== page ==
Psychologist draws on experience to help clients with eating disorders

We are IU Health

May 02, 2019

What causes eating disorders? It’s a mixed bag. Clinical psychologist Valerie Weesner talks about meeting the unique needs of patients at IU Health Charis Center for Eating Disorders.

Colorful canvas artwork decorates the walls of Valerie Weesner’s office. The paintings are one of her hobbies and she also uses art to help communicate with the clients at IU Health Charis Center for Eating Disorders.

One of the paintings shows a silhouette of a girl with her hands outstretched to the sun. The quote reads: “One of the happiest moments in life is when you find the courage to let go of what you can’t change.” A sign on Weesner’s door describes peace: “It does not mean to be in a place where there is no noise, trouble or hard work. It means to be in the midst of these and still be calm in your heart.”

Courage. Calmness. Compassion. Confidence.

The words are what Weesner, clinical director of IU Health Charis Center, tries to instill in her patients. The name Charis is a Greek word meaning “grace,” “inner beauty of honor” “courage” and “kindness of spirit.”

The Charis Center works from a medical model including a focus on physical, psychological and dietary health and well being. Providers from each discipline assess new patients and offer a treatment plan most appropriate for their needs. The center treats patients with anorexia nervosa, bulimia nervosa, binge-eating disorder, other specified feeding and eating disorders, and avoidant restrictive food intake disorder. Levels of care include outpatient, individual, family and group therapies, an intensive outpatient program and a partial hospitalization program.

The treatment team’s interdisciplinary model includes medical staff, nursing, psychologists, social workers and mental health counselors, as well as experiential treatment groups such as art therapy, trauma therapy, narrative and body movement therapies and yoga.

“There are many aspects of patient care and at the heart is to focus on the strength of character of each person who walks through the doors of Charis Center,” said Weesner. The Charis Center is also committed to prevention and early intervention, providing educational services to medical facilities, schools and other therapeutic practices. Staff members participate in the Eating Disorder Task Force of Indiana (EDTFI).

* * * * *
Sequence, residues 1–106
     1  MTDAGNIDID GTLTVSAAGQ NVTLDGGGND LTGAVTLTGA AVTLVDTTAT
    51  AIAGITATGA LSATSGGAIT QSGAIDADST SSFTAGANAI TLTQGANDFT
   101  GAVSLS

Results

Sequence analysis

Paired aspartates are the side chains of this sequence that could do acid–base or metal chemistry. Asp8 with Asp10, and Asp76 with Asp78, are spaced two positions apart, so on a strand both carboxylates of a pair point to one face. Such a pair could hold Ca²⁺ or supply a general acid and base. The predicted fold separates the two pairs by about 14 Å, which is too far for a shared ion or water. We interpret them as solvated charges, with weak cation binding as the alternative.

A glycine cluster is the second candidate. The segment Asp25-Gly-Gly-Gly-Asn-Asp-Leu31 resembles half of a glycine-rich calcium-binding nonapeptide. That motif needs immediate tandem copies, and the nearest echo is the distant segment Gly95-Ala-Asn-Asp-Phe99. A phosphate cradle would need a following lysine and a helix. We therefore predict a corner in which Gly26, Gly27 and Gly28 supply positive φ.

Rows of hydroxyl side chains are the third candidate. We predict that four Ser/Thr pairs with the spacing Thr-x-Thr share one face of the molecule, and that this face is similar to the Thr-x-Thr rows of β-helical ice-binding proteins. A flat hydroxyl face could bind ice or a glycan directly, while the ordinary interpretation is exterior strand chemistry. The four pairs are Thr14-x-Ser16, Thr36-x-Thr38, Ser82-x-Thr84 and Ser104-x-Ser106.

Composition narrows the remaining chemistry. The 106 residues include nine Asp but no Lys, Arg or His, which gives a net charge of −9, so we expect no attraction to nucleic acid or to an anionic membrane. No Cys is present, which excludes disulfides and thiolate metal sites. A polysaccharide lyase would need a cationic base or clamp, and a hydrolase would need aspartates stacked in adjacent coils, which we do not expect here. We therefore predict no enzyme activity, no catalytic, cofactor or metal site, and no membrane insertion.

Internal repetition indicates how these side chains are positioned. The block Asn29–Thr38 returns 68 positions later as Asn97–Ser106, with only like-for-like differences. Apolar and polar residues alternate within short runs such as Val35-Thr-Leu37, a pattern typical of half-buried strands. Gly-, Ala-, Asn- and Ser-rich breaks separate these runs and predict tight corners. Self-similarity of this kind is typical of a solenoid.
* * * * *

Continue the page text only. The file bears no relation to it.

“The most surprising thing I’ve learned in working here is that initially I thought eating disorders developed out of a trauma but it’s not always the case. Sometimes it starts because you’re losing weight and get on a track and keep going,” said Weesner. More than half the patients who come to Charis Center are adolescents or young adults. With the increased popularity of weight loss and fitness tracking apps many patients find their way to the center because they focused on body size more than nutrition.

“It’s a great tool for some people but because it doesn’t tell them what calorie range to hit based on their physiological needs, they significantly restrict their diets. Add to that the message from society – people pay them compliments – and they keep losing. Other patients with poor body image go from losing to binging and by the time we see them they have bulimia,” said Weesner who is married to Tom Weesner. Together they have two daughters ages 21 and 22.

Treatment typically includes individual therapy; eating disorders education; yoga, art and music therapy; consultation with schools, educators, healthcare providers; support groups; and family counseling.

“In family therapy we work to educate the parents and family members on ways to work with their loved one and fight the eating disorder,” said Weesner. There’s a sketch she refers to that shows the family in battle with the eating disorder – pulling them away from education.

It is one of many sketches Weesner has created in a 20-page booklet of black and white drawings to help families cope. The booklet was edited by Dr. Mary Rouse medical director of Charis Center and includes “Dr. Rouse’s Rules” – “Structure, Follow Meal Plan and Be Vigilant.”

According to The National Association of Anorexia Nervosa and Eating Disorders at least 30 million people in the United States of all ages and genders suffer some type of eating disorder.

“There is no quick fix to eating disorders and every patient is different,” said Weesner, who has been with Charis Center for 10 years. “I was hired at the Charis Center due to my experience with family therapy; since then family therapy has become our first line treatment in working with kids and adolescents with eating disorders, based on the Maudsley Method, or family-based treatment approach.”

The hallways inside Charis Center lead to various offices representing a band of practitioners who are part of the patient care team. There is an art room, an activity room, and a room for support groups and new skills classes for adults and adolescents. There’s also a kitchen – stocked with fresh produce and healthy snacks. Patients are encouraged to make their own meals and choose their own foods.

A prominent piece of artwork along a hallway brings a smile to Weesner’s face. It’s a colorful tree painted on a wall. Plants and animals represent staff members who nurtured patients to health. And there’s something else: Colorful handprints representing patients who have taken part in Charis Center programs – the first step to their healing.

The name of the painting? “The recovery tree.”

-- By T.J. Banes, Journalist, IU Health.
Reach Banes via email tfender1@iuhealth.org.

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Eating Disorders

These conditions, such as anorexia nervosa, bulimia nervosa and binge eating, involve unhealthy relationships with food, weight and body image.